Carroll L. Maxcy, 5-Grace Ashton Crosby, 13-Charlie H. Jones, I-Nettie Conine, 2-Nora O'Neil, 7-Eleanor N. Hughes, 7-Jennie
W. Burritt, 2-Marie Morris, 2-Claire H. Pingrey, 9-B. E. and H. E. Melvin, 2-Sallie R. Marshall, T -Rufus B. Clark, 3-E. Frank
Thompson, rI-Bessie and Tommy Hotchkiss, 2-Ida Muller, 2-L. L. Van Liew, 2 -Lillian Baker, 4-Gertrude H., -Buttercup, xr-
Charl'? ?rr-1Ta I--Efie K. Talboys, 2-Lizzie H. D. St Vrain, 6-Alice G. Benedict, 5- Helen Vaughn Cope, x-" Quintettes," 5-
(..i1.. i. :ega, r-Elizabeth L. Hillegeist, 6-Percy Crenshaw, 2-Bessie C. Barney, 6-Warren Wolfersberger, 5-Mary Camp-
bell Murdock, ro-Julia Crofton, 6-Jessie O. Woodruff, 2-Lucy B. Shaw, 4-"G. H.," 6-Annie Reynes, 7-Diamond and Pearl, 4-
J. Harry Anderson, 3-J. H. Slade, Jr., 2-Netta M. Van, 4-Benjamin C. Brown, Jr., 7-John V. L. Pierson, 6-Reta S. Mcllvaine,
xo-F. C. C., 3-Florence Wilcox, 12 -Ida Cohn, 6-Allen T. Treadway, so-Jim Crow, 6-Thomas Harwood, i-Frances, Margaret,
and Russell, 2-Vee Cornwell, 7-Bella Wehl, 8-Bertha Potts, 6-Lillie Burling, 5-Emmie J. Allen and Anna R. Jackson, 6-J. W.
Yocum, 2-Nellie Kellogg, 5-Arthur P. Summers, 4-No Name, 7-Marion and Henry, 4-Willie B. Geery, 6-Eva and Ada Dolton,
4-Theodore Potts, 3 -Morris Turk, 2-Russel Duane, 6 -H. F. W., 3-Edward Vultee, 13-Pumble and Sam, 3-Cousins, ro-A. E.
D. St. John, 9-" Riddlers," s-Bessie S. Works, I-H. W. Blake, 9-Edith W. Hamlin and May H. Weston, 8--Elvie Johnson, 7-
Harkaway, and Sister, 4 -Eddie Gwynne, i -Harry C. Crosby, a -Philip Sidney Carlton, 7 -Robert Allen Gally, 6--H. Tournade, I -
U. Jacobi, ix-Susie Sipe, II -Daisy and Harold, 4-David A. Center, 2--Will, i-Georgie and Carlton Woodruff, 4-Lloyd M. Scott,
--Jos. Van Doren, 4-Anna K. Phelps, 14-Nellie DeGraff, so-Perry Beattie, 3-"Three Guessers," x--H. J. Tiley, 12-Kitty C.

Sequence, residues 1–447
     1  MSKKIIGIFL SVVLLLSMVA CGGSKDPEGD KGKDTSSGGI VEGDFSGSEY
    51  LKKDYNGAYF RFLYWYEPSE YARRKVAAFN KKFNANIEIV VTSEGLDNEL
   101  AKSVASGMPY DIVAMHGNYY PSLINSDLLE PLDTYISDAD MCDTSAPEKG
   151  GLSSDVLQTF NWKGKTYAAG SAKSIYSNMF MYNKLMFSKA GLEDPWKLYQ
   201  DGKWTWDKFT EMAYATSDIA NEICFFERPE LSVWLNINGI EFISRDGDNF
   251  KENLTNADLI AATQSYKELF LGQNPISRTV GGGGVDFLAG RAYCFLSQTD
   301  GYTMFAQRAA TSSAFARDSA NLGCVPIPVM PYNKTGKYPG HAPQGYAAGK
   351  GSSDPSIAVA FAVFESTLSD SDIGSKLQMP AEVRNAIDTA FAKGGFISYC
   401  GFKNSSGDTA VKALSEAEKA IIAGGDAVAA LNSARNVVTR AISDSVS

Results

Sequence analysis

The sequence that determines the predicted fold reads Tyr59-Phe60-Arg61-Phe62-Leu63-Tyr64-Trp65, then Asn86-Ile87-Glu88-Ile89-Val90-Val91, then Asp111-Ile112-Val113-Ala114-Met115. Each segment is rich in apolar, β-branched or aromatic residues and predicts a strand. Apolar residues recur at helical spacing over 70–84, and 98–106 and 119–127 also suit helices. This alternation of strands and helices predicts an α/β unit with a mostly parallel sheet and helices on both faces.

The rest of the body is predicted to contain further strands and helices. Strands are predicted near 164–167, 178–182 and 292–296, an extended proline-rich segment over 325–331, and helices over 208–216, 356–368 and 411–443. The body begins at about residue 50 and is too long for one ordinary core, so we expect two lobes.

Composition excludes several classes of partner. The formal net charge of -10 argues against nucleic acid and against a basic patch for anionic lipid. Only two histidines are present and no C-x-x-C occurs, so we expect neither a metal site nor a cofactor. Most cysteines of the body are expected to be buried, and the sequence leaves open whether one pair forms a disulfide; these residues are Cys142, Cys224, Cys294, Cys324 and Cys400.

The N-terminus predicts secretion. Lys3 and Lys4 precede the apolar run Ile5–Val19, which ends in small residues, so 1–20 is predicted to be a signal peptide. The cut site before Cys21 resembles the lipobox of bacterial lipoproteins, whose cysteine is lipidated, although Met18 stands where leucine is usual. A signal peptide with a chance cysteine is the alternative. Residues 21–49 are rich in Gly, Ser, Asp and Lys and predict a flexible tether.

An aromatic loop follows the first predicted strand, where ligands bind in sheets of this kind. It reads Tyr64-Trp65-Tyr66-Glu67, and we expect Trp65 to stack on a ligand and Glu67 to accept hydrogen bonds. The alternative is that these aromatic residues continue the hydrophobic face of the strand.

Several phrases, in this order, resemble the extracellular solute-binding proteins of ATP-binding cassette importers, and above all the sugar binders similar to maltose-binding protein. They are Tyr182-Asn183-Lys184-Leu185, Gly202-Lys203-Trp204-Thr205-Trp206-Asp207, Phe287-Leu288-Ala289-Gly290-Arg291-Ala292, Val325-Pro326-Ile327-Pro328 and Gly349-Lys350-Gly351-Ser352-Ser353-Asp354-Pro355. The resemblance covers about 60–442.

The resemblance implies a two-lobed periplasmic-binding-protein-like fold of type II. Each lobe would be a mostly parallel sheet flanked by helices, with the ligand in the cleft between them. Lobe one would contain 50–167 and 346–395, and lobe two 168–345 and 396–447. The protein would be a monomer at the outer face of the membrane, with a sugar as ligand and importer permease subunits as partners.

Atwater, 6-Rob Bowles, 3-Edith Grace Bristow, x-Laura H. and Charles D. Napier, so-Emma Maxwell, 5-"Apple Blossom,"
6-Jessle I. Upham, 7-M. J. G. and H. L. C., 5--Annie C., and Louis L. C., 12-No Name, 2--Kate Higson, 2-"Impatience,"
s2--Bessie Taylor, 5-Jennie Mondschein, 3-"Winnie," 9-R. Kelly, 3-Charlie W. Power, 4-Harry M. Norris, 6. The numerals
denote the number of puzzles solved.
ANSWERS TO J. D. L.'s PUZZLE in November "Letter-Box" were received, before November o2, from E. Farrington,-Bessie,-Emma
and Netta McCalL.-Anna Houghton,-"Pumble and Sam"-Annie E. St. John.




~ FII, ,: R .... .,

: .~ -l,-' 'L

p ', ate, picture,,

,,,grav.n or s ai hg g llij-A a
u9 l- -S -
-] I, rf: - .." ,-i

\iN _-- -

K ;:".,.Ky.<.K e o Ca P pocket and ret urn 't. .

r '" g '-"hlo l to '" b .. a. c .!.., c :"

:. .,...one. th:,uan: .dollars
r e ar .' S ion 69'
of Vet n 1917 .

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i renI ne not raore. t.arn
, nor'less thn t:fie dln-.
;, o tfhe 'Teneral Lanws .

S^. 9 ^
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Si .;

7-, .-

N-- :7 -

.=<*- j

_ ~ ~..~......~. ,,,~i;~~L_~,~_,,,4L,~.,I~. II la IL I I L ii ,,